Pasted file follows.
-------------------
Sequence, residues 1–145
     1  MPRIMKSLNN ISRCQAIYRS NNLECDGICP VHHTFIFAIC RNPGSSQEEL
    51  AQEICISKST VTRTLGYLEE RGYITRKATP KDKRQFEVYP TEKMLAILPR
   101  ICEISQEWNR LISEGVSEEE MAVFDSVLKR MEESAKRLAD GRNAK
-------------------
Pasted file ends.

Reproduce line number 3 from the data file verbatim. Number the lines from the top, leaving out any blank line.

    51  AQEICISKST VTRTLGYLEE RGYITRKATP KDKRQFEVYP TEKMLAILPR